View Full Version : The Magnificent Ambersons (1942)

03-23-2005, 02:09 PM
For reasons I'll not get into I am reading a biography on the life of Orson Welles called Rosebud (David Thompson). Reading through it I felt a bug biting me. I kept glancing over to see my DVD of Citizen Kane still waiting to be watched (I still had the Roger Ebert commentary to sit through). It was already past 3 AM and I figured perhaps I should hold off on Kane. Reading the book, and the few passages of the film that are mentioned, I knew exactly what was being talked about. I realized that I think I've grasped Kane, granted I've only seen the film about 6 or 7 times, but I don't think any details have really slipped by me. Thompson makes an interesting case that Mankiewicz's script for Kane isn't so much about William Randolph Hearst, as it is about Welles himself. Certainly parallels can be made between the frantic young Kane starting the Inquirer and the tireless Welles bouncing from radio to stage, writing and rewriting a new script a week. I still managed to pass on re-watching Kane.

Then I progressed through the book, and Welles' second film, The Magnificent Ambersons was the topic of discussion. I started reading and realized that I hadn't fully grasped this film. I had seen Ambersons twice before, the last time being at least 3 or 4 years ago (maybe even longer). I focused primarily on the narrative, although I was able to pay attention to the lighting the second time. I didn't watch for editing, didn't pay much attention to deep focus composition, and didn't watch to see those characteristic long Wellesian takes. So there I read, hearing at once the brilliance and the tragedy of the most famously butchered film in Hollywood history (with Greed as the toughest contender).

Again the bug was biting me to watch this film, there was more on it's side than Kane had. I finished my chapter and flipped a coin, and it said "watch the film". I dug it out, and popped it in. My audio wasn't too great and the picture quality was about as good as a VHS tape recorded from TV could get, but I didn't care. I had fogotten so much of this film (granted reading Thompson I was being reminded). The opening credits were much the same as Kane, although the title of the film wasn't quite as overwhelming as the screen filling Citizen Kane. The narration makes the film sound like some nostalgiac love letter to the past.

The opening is brisk, Welles quickly breezes through years and fashion, with Joseph Cotten being his model for the latest wears. We start to believe that perhaps this was a better time, one where running water was a luxury. What transpires though is that that wasn't a better time. Sure it was a slower pace, and people had time for things like sleigh rides, balls, and walks through the garden, but so what? The world Booth Tarkington is describing is a relic, one that shuns progress and invention and "modern" ideas. Welles makes sure that we dislike George Amberson Minafer, right from the get-go. A demon on wheels, horsewhipping townspeople as he drives past them. It doesn't help Minafer that he begins the film with long blonde curls, that just screams "someone beat the shit out of me please". Our first look at George the adult (played by Tim Holt, although Welles had previously played the role for a Mercury radio program) confirms our dislike. The shot is nearly repeated from the first shot of the child, and although the curls are gone, in it's place is a fully grown arrogant menace.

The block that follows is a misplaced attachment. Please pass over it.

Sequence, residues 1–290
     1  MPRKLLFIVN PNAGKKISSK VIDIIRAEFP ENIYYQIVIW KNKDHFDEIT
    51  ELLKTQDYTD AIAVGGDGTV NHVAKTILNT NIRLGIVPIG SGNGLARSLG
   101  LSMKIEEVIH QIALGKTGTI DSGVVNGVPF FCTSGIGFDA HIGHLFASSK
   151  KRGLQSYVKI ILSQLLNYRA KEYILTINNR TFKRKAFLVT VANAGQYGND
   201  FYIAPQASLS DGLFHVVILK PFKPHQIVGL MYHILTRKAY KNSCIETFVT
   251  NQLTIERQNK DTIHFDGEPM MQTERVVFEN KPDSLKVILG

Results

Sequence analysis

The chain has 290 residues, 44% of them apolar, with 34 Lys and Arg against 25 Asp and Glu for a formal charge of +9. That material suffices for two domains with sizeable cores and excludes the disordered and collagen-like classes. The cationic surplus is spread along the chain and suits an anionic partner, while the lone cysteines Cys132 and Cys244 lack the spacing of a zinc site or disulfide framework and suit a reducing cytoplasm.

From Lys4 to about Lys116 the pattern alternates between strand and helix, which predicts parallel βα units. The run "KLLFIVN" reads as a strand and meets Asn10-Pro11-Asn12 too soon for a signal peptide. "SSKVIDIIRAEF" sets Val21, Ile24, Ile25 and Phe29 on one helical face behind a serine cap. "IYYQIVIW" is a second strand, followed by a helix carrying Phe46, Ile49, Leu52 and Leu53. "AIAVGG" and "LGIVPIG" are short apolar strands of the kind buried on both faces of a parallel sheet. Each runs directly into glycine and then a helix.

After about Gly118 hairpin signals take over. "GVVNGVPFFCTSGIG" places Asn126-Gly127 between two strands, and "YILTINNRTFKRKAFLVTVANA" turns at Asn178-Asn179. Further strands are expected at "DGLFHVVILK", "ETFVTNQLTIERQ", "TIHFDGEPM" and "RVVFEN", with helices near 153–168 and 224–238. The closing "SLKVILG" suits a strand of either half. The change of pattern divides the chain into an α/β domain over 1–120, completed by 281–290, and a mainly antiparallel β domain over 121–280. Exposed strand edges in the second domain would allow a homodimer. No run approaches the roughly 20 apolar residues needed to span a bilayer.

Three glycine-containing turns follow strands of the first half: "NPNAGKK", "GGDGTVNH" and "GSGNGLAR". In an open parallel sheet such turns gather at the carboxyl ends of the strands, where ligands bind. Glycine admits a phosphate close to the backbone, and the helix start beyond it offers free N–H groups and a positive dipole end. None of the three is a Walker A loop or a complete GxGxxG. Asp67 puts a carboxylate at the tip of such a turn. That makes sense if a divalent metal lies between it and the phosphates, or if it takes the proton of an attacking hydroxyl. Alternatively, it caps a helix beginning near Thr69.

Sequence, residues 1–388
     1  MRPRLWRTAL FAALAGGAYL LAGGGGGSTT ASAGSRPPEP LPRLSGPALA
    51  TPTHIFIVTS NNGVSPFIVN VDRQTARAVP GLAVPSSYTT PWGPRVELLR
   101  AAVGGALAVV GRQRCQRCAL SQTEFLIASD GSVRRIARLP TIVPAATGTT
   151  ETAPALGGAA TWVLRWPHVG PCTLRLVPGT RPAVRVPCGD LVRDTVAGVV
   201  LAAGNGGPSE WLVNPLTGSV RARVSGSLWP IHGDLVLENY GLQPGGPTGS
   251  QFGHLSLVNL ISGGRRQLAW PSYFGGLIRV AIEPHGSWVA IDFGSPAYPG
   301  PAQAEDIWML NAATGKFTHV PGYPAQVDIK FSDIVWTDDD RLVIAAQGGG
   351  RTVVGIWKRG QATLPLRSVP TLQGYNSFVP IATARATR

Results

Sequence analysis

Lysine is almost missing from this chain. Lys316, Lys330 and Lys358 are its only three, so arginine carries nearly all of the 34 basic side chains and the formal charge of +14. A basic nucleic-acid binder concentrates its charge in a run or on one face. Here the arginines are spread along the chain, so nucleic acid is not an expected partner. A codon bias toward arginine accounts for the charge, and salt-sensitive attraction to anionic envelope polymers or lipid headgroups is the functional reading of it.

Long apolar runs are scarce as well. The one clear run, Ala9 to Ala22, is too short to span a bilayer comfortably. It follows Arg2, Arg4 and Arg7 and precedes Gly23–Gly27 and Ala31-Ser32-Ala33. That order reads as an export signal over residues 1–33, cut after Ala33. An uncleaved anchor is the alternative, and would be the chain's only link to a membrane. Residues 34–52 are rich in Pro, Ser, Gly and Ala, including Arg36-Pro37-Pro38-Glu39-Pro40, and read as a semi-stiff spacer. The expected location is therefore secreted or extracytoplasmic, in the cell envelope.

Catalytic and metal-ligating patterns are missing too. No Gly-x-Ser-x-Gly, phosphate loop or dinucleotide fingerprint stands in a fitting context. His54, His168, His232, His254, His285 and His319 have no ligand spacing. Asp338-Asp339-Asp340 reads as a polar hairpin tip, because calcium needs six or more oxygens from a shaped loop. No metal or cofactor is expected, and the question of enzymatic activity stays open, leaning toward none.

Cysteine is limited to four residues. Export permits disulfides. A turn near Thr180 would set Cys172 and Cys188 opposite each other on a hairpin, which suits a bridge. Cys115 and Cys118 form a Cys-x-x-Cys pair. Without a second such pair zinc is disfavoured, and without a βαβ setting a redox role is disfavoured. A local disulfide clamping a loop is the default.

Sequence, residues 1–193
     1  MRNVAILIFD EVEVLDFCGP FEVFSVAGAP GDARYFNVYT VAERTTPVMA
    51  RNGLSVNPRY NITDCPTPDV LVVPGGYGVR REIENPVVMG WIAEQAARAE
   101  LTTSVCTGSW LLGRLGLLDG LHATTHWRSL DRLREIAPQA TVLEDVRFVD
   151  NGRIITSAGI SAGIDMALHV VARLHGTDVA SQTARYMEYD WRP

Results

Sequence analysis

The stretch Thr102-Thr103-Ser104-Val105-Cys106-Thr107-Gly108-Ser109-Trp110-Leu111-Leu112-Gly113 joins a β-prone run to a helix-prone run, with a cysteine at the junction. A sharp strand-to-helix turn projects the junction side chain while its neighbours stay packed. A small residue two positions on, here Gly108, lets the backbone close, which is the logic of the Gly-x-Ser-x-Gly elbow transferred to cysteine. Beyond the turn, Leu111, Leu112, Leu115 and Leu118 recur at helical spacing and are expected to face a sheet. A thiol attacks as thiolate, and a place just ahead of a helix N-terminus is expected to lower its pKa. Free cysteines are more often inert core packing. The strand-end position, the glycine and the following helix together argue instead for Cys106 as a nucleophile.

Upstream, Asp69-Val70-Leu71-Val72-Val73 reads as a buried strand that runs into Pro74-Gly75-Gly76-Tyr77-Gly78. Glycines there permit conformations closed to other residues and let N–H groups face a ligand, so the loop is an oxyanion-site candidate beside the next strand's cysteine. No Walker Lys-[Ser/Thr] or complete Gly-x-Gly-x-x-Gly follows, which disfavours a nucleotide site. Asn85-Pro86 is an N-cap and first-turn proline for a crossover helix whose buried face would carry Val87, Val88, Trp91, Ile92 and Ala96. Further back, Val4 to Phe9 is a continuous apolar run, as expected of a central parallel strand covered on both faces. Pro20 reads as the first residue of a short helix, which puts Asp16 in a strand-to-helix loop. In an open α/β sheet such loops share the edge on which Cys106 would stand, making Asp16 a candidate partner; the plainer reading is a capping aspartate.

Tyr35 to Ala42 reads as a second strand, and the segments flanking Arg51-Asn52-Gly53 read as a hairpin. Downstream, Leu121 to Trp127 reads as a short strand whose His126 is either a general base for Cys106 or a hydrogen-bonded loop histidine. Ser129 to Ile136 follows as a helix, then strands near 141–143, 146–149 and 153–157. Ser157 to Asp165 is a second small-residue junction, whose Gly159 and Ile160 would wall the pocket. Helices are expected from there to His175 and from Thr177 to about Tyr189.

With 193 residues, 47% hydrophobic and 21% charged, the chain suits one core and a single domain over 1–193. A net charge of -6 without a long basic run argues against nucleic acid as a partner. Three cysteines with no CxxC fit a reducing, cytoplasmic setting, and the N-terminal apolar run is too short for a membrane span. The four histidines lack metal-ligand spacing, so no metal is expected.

George becomes a model for all spoiled children. His mother babies him constantly, even on her death bed. George is used to it, accustomed to it, and as the later part of the film suggests, he can't do without it. His grandfather Major Amberson (Richard Bennett) is treated as an ATM machine. George spends his money and really has no idea where it comes from. When asked what he wants to do in life he replies he doesn't want a profession, he wants to do his part for charity and take up whatever causes interest him. Clearly this is a man worth laughing at for his ignorance. He is well aware that his family is the envy of the neighborhood, in many ways more aware of it than the neighborhood, but he never stopped to wonder how they got there. George knows nothing of money, just how to spend it, and at his rate there might not be much left to spend.

Although George is made to be the eventual victim of the film, and clearly the film could have had a sound ending as he sits alone in the vacant Amberson mansion the night before they're selling it as Welles' narrator says "He got his comuppance, three times filled, and running over". Truth is though, George isn't the victim or someone to pity. I must say I'm glad he got his, he deserved it, lord knows he was selfish, arrogant, and stubborn enough the entire film to deserve massive retribution, I consider it justice. The victim of the film is Aunt Fanny (Agnes Moorehead). She is taunted and teased the entire film, and when the Amberson's glory fades, it is only her and George that have to endure it. She lost all her money as well, and she didn't deserve it. She was sensible, she had some understanding of finance, and she wasn't selfish and self centered like George. Fanny remains about the most generous character in the household, and she doesn't deserve the treatment she gets throughtout. Moorehead on the other hand, was well received for her work here, winning the New York Film Critics and National Board of Review award for best actress, and pulling a best supporting actress nomination at the Academy that year.